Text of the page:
Monday, August 18, 2014

#CBR6 Review #22: American Vampire, vol. 3 by Scott Snyder and Rafael Albuquerque

I have this problem where I always say I’m going to read the next volume or book in a series as soon as I can, but since I always have so many series on the go, it ends up being far too long before I actually get reading the next installment. In any case, it’s been a while since I’ve read any American Vampire, but fortunately I seemed to remember most of the characters and what-have-yous from the previous volumes when I picked up this third collection of issues #12-18.

Volume 3 is split into two major stories, both set within the timeframe of World War II. The first tale, “Ghost War” focuses on the vampire Pearl’s husband, Henry, as he goes on a mission to Japan in the hunt of a new breed of vampire, only to find an island with an infestation that is far more than he (and a tag-along Skinner Sweet) had bargained for. The second half focuses on a miniseries entitled “Survival of the Fittest,” with vampire hunters Felicia Book and Cash McCogan going to Nazi-occupied Romania in search of a cure for vampirism, that Felicia desperately wants in order to remove the non-manifested vampiric blood she has in her veins, while Cash wants to use the cure on his vampire son. But when they go, they find that perhaps their enemies at war are not necessarily searching for a cure, but to ally with the creatures of the night, while the doctor searching for the vampiric cure has other ideas in mind regarding the awakening of great vampires of ancient history.

As per usual, the action is fast-paced, and the story of the vampire bloodlines and evolution is very interesting as we continue our trek through history. The only thing that I was having trouble with was discerning certain character faces from one another at different times, particularly the soldiers while they were in Japan. But I don’t know, maybe that’s just me. In any case, this may not be my favourite comic-book series, but I still enjoy it quite a bit nonetheless.

[Be sure to visit the Cannonball Read main site!]

Sunday, August 10, 2014

#CBR6 Review #21: Zeus Grants Stupid Wishes by Cory O’Brien

“Hey, is there a female version of wingman? Wingwoman sounds awkward. I’m coining a new phrase: Titcaptain. Tell your friends.”

This is it, that book that became a sensation because of Tumblr. And that is in fact where I first found out about it too, only to be so intrigued by the hilarious chapter titles (ie, “Ganesh is the Very Definition of an Unplanned Pregnancy”) that I had to read it.
Essentially, Zeus Grants Stupid Wishes is a collection of a few myths from various cultures and religions, but told in a somewhat non-canonical but still reasonably accurate manner (the degree of keeping canon to the source material varies from story to story and the author’s familiarity with it, it seems). And the manner of retelling is absolutely hilarious, as though some bro just got really jazzed about some myths and HAD to tell you about them because they are so strange and interesting: O’Brien doesn’t hesitate to mention how weird and random these myths are, no matter what culture or religion they are from, spanning from Japanese to African, from American History legends to Native American creation, Christian biblical tales to Buddhism and Scientology, and even some evolutionary science of the creation of the universe. But what ties these stories all together is how themes and personas seem to crossover between many cultures, and the ridiculous “moral” to each story that is added to the end, such as: “although the temptation may be great, you should not assume that everybody you meet is a shape-shifter. It is almost as dangerous as not assuming everyone you meet is a shape-shifter."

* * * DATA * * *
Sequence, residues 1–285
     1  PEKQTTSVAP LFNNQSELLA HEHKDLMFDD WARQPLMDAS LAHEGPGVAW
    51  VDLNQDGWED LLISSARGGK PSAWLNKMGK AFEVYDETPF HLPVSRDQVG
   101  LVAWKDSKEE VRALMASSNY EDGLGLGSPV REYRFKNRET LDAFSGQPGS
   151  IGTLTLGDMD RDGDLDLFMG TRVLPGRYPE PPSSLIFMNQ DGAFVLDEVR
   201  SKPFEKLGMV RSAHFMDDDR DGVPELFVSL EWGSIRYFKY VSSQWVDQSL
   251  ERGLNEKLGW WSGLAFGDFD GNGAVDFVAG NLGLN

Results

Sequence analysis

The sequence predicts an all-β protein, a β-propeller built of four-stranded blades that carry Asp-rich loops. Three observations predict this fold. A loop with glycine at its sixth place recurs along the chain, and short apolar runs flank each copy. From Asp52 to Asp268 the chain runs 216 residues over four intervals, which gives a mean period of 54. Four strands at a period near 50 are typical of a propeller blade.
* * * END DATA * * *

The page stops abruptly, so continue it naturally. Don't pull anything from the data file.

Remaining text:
The neat little wrapup that is provided at the end of the book is also a nice touch (although quite a shift in tone), as it basically summarizes the idea that no one way of looking at these things is necessarily correct, and all these myths and stories have just been created by people to try and make an account for things that we may not be able to understand or explain in some ways.

Some of the cultures’ myths made no sense to me the way they were told (such as Egyptian, though I am not very familiar with these myths at all), while others were an absolute riot, such as Greek and Norse in particular which I do have a little experience in learning before. Basically, it’s the even cruder and non-censored version of these myths told in the most outlandish way possible, and if you are familiar with the myths to begin with you can’t help but laugh and think, “that’s it! That’s exactly what happened!”

I will admit, however, that reading this in one shot might be a bit much: the humor gets a little tiring at times if you read too much at once, so I would suggest doing it in small installments (which is easy as each chapter is reasonably short and quick to read). I can also see how this humor is not for everyone as well; it’s a little coarse at times, but honestly I just heard myself while I read in my head, and the way that I like to explain stories to my friends in the most flippant and excitable manner. All in all, however, I laughed out loud a few times, and would recommend Zeus Grants Stupid Wishes to anyone who enjoys mythology and all the wacky stuff that happens therein.

[Be sure to visit the Cannonball Read main site!]